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I would like to rotate a div in an animate function such as

 $('div').animate({rotate: '30deg'},1000);

I have found this:

But I want to know if there is a more official way to do it or at least a different way.


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With a quick Google search I found a different library that I think (after 1 minute research) is better, because it will work in more browsers. Take a look! – Frog Mar 19 '12 at 20:04
I can't use that one because you have to call $('div').rotate() to rotate and you can't do it from the animate() function. I tried it but it's really useless. Plus it's difficult to set the duration. – user1246035 Mar 19 '12 at 20:55
Oh, a shame. You could of course try to write your own plugin which utilizes the technique of the other one. If you want it to work in most browsers, that's really the best way to do it... – Frog Mar 20 '12 at 10:55
link does not exist anymore – dev101 Sep 5 '15 at 14:27

If you're open to using CSS3 in combination with jQuery, perhaps this method may be of some use to you:


<div id="click-me">Rotate</div>

<div id="rotate-box"></div>





@-moz-keyframes rotatebox /*--for firefox--*/{



@-webkit-keyframes rotatebox /*--for webkit--*/{




And assuming that the element in question is supposed to rotate upon a click of a link/div/button, your jQuery will look something like this:



        //for firefox

        //for safari & chrome
        "-webkit-animation-fill-mode" : "forwards",


So since jQuery has yet to be able to support rotate(deg) in .animate(), I've kinda cheated by pre-defining the animation key frames in CSS3 and assigning a label or identifier to that particular animation. In this example, that label/identifier is defined as rotatebox.

What happens from here on is that the moment the clickable div is clicked upon, the jQuery snippet will utilize .css() and assign the necessary properties into the rotatable element. The moment those properties are assigned, there will be a bridge from the element to the CSS3 animation keyframes, thereby allowing for the animation to execute. You can also control the speed of the animation by altering the animation-duration property.

I personally think that this method is only necessary if click or mouse scroll events are required to activate the rotate. If the rotate is supposed to be running immediately upon document load, then using CSS3 alone will suffice. The same applies to if a hover event is supposed to activate the rotate - you simply define the CSS3 animation properties that links the element to the rotating animation in the element's pseudo classes.

My method here is simply based on the assumption that a click event is required to activate the rotate or that jQuery is somehow required to play a part in this. I understand that this method is pretty tedious so if anyone has a input, feel free to suggest. Do note also that as this method involves CSS3, it will not work as it should on IE8 and below.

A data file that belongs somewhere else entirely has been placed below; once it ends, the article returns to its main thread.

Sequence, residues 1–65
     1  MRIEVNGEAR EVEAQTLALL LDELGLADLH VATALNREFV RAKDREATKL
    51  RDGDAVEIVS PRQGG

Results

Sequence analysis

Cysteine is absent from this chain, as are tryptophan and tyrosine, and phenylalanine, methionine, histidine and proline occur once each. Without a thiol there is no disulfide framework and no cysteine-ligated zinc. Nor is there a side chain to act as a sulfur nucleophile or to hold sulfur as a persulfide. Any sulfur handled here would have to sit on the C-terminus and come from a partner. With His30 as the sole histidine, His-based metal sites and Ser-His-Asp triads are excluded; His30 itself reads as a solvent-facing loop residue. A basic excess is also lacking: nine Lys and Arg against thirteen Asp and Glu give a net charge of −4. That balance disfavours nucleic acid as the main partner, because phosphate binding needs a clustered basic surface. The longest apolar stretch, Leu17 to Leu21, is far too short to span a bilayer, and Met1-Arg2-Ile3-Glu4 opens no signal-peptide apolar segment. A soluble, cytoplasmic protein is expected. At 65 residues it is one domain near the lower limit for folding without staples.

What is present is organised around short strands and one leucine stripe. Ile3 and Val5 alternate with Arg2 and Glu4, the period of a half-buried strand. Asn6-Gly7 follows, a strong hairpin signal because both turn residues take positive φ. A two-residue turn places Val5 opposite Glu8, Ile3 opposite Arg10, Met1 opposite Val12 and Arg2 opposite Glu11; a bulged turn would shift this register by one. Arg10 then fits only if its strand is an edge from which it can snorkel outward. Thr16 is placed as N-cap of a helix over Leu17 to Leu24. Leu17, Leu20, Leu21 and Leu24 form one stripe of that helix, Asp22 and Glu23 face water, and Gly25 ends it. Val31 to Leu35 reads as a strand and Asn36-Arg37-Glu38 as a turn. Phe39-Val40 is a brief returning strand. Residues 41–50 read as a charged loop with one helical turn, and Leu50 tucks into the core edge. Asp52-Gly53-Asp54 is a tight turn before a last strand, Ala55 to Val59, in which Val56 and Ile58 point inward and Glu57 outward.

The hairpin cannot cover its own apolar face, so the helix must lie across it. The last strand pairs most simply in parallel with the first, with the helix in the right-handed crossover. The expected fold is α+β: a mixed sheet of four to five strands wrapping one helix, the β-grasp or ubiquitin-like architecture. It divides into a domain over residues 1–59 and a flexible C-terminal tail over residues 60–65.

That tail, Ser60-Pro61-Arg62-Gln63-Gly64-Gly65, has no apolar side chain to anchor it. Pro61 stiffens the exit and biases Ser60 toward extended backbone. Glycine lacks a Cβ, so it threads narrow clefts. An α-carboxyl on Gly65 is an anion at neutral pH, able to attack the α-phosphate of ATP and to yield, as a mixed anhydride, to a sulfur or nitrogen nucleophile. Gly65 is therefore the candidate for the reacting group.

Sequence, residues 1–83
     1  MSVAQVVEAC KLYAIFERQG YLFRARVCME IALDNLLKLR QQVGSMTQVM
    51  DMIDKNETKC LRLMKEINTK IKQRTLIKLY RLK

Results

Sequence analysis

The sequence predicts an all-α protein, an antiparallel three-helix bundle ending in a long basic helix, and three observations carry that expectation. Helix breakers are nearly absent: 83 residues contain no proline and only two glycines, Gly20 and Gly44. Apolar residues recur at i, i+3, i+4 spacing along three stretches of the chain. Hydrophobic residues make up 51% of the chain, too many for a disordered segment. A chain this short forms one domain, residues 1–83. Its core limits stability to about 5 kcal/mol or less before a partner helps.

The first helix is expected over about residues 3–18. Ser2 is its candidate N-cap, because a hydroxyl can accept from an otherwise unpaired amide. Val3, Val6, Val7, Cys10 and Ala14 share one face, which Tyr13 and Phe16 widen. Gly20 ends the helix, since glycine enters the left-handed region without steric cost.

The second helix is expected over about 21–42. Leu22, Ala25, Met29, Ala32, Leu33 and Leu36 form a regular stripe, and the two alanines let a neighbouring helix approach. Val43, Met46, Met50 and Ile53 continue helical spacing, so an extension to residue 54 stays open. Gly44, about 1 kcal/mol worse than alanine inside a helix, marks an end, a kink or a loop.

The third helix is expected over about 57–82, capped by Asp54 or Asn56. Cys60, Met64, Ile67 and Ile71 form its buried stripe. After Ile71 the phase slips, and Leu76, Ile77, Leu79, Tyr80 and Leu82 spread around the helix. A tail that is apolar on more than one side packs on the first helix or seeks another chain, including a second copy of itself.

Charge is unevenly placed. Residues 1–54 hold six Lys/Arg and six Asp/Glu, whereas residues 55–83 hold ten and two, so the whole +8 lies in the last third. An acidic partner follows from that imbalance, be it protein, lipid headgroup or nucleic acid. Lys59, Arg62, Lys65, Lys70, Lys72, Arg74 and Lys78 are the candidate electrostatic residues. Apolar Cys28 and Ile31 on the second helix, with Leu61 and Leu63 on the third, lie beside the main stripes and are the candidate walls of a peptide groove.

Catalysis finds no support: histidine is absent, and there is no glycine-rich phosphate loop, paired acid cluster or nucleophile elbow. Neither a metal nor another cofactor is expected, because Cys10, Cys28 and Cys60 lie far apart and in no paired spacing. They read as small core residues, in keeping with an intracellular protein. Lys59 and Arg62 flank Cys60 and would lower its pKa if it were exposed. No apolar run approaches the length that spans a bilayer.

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The simplest I feel is this example on jsfiddle

$(function() {
    var $elie = $("img"), degree = 0, timer;
    function rotate() {

        $elie.css({ WebkitTransform: 'rotate(' + degree + 'deg)'});  
        $elie.css({ '-moz-transform': 'rotate(' + degree + 'deg)'});
        timer = setTimeout(function() {
            ++degree; rotate();

    $("input").toggle(function() {
    }, function() {

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If you want to use .animate() to perform a rotation and are ok with a CSS3 solution (meaning no older browser support, IE<9, etc.) then this site offer a great solution:

The key concept is to use the .animate() "step" option to control the degree of rotation at each step, providing a fluid rotation.

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QTransform allows you to rotate, skew, scale and translate and it works cross browser.

Download and inlcude the QTransform.js to your html.

<script src="js/qTransform.js"></script>

Provide a fixed height-width to your div(s) and add the following script:

$('#box4').delay(300).animate({rotate: '20deg'}, 500);
$('#box5').delay(700).animate({rotate: '50deg'}, 500);
$('#box6').delay(1200).animate({rotate: '80deg'}, 500);

where (box4, box5 & box6 are my div id's).

The delay(300), delay(700) & delay(1200) starts the animation after 300, 500 and 1200 milliseconds. And the 500 at the end is the duration for the animation.

If you want to manually provide the rotation angle you can do like this:

Take the angle in variable. e.g.

var degAngle = 60;

and add it to the script like

$('#box4').delay(300).animate({rotate: degAngle+'deg'}, 500);

You can also provide the multiple effects like scale along with rotation. E.g.,

$('#box4').delay(300).animate({scale: '1.5', rotate: '20deg'}, 500);

Why QTransform?

Till date jQuery doesn't support CSS3 animations. This plugin can help you to accomplish your target.

Hope this works for you.

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